Goal-setting and achievement

As of last week, I’ve now published 100 posts here on Scientia Potentia Est. A whole hundred seems like quite the milestone, so I thought I’d take the opportunity to discuss some of the science behind goal-setting and achievement.

 

Dopamine

Any further discussion of setting goals, achievement and how you feel about it will centre around this essential chemical. You might well have heard about it before, because it is the centre of our reward pathway in the brain, released to make you feel good. It’s also the problem in addiction, because most addictive substances cause a dopamine release, making you feel good and making your brain crave more dopamine – by returning to the addictive substance or activity.

Dopamine is primarily a neurotransmitter – meaning that it carries messages between neurons and from neurons to body tissues. All neurotransmitters are very fast-acting so that the nervous system can initiate rapid and voluntary or involuntary changes in the body. In contrast, hormones (the other chemical messengers that the body uses) act more slowly and are always involuntary, for example, not being able to control your body feeling hungry, or growing, etc… Dopamine can act as a hormone in some cases, but in the context of goal-setting and achievement, it is most definitely a neurotransmitter.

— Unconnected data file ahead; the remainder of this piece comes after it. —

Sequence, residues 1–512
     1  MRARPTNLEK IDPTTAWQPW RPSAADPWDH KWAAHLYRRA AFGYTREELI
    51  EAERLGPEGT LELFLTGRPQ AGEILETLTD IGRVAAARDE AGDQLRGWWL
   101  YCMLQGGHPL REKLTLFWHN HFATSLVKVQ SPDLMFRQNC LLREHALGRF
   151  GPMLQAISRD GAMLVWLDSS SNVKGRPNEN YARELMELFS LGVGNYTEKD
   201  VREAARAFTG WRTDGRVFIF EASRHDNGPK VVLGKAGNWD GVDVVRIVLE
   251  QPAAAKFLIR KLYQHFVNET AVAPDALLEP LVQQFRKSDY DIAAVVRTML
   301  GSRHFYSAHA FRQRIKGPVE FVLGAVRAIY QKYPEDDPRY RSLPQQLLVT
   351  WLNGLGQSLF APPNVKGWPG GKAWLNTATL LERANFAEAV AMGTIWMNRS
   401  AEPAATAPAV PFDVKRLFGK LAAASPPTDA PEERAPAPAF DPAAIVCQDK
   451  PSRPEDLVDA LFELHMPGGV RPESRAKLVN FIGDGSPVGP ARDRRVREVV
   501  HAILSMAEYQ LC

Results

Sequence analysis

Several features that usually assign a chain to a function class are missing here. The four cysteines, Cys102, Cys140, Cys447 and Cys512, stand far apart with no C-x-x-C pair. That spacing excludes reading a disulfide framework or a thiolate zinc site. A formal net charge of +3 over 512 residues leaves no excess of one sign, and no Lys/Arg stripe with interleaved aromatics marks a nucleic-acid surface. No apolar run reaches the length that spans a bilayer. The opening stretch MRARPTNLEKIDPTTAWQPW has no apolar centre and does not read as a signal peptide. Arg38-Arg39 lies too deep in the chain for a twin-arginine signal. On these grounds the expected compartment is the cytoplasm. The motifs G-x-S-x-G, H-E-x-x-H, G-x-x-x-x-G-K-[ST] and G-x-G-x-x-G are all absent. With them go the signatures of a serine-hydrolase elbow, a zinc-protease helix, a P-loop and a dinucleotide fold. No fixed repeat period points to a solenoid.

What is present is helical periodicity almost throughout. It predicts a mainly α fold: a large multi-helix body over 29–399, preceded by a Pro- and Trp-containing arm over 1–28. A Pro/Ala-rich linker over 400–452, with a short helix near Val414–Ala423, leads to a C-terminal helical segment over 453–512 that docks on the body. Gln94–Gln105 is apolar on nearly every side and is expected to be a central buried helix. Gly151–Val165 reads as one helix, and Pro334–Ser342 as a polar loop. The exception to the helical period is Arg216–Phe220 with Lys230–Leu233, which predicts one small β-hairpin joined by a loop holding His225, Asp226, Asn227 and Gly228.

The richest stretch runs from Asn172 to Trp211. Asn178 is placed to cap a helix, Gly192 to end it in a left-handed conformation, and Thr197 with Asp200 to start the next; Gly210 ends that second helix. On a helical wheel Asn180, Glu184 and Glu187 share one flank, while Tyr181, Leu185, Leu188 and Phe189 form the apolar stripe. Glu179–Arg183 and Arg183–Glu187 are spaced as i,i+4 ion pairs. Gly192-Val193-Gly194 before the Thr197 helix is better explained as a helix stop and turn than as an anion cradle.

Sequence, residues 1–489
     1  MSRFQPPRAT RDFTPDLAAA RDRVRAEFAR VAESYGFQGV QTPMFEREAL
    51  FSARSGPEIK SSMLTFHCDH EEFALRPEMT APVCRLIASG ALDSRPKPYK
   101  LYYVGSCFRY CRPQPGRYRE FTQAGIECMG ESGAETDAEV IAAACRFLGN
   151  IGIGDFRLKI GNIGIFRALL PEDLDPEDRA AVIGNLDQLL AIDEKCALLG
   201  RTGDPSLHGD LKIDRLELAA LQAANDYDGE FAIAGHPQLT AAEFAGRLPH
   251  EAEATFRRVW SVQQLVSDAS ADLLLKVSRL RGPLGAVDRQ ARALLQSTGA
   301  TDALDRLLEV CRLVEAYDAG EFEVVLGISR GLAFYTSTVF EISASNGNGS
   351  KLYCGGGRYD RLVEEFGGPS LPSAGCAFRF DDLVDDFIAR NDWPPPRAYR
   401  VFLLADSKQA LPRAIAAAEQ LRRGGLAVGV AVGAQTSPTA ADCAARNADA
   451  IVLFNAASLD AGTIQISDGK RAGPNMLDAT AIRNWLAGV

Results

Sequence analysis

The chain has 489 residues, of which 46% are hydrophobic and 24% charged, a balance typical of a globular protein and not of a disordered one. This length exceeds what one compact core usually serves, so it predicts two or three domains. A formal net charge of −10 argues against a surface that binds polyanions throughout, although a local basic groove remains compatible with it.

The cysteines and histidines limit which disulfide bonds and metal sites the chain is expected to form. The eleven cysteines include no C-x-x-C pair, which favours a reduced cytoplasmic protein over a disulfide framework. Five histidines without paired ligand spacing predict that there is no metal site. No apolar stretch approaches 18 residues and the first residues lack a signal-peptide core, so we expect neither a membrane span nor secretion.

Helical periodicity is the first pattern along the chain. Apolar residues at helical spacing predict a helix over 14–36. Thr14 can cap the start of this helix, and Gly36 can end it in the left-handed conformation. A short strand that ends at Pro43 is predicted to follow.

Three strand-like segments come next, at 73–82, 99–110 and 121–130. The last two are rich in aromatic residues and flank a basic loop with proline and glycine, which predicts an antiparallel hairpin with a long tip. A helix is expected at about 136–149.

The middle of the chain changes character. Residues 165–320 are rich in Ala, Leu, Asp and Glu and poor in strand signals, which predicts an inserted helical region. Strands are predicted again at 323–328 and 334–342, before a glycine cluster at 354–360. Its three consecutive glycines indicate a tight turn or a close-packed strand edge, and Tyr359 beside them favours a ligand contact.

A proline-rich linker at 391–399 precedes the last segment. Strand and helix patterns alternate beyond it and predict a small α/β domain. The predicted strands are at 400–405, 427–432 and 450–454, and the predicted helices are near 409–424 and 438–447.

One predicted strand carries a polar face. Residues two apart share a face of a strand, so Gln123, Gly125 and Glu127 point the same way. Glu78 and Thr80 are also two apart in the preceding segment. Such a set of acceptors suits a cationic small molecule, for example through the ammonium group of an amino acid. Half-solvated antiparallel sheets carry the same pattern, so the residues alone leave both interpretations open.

Like all neurotransmitters, it is produced in the brain. When you do something that your body considers to be good (thought or action, etc.) dopamine is released into the brain to provide a “feel-good” response. This is effectively just a signal to inform your brain that whatever you just did is worth doing more of and providing positive reinforcement so that you do that thing more often.

 

 

Achievement

When you achieve something, your brain releases dopamine and you feel great. It causes you to want to achieve more things so that you feel good more often.

 

Goal Setting

And to achieve more things, we generally set goals.

Unfortunately, our brains can’t actually tell much of a difference between setting a goal  and actually going the distance to get there. That’s why you feel great when you set New Year’s resolutions … your brain is releasing dopamine in anticipation of you achieving those goals.

Instead, when you set a goal, you want to achieve it, so your brain decides that you effectively already have it. So then if you fail or slip up at all in achieving your goal, your brain actually regards it as a loss of a valued possession.

In fact, because your brain acts as if you already own the achievement at the end, it becomes part of your identity to achieve that. This sets up anxiety and tension as you try to reach the goal. Ideally, this tension would drive you to reach further towards the goal, but often it works the opposite way and causes you to feel worse and cut off the dopamine supply.

The bigger the goal, the worse you feel when you don’t achieve it. So the best advice to goal setters is to set little goals and steps. That way, each goal is smaller and there is less negative emotion during the process of trying to achieve it. And you’ll also have plenty more dopamine releases as you achieve each small step, rather than becoming overwhelmed with the huge goal and giving up.

 

And if this post got you thinking about what your New Year’s Resolutions are going to be, the best advice I have is to start all of them now. Start forming some habits now so that you can maintain your resolutions throughout 2020.


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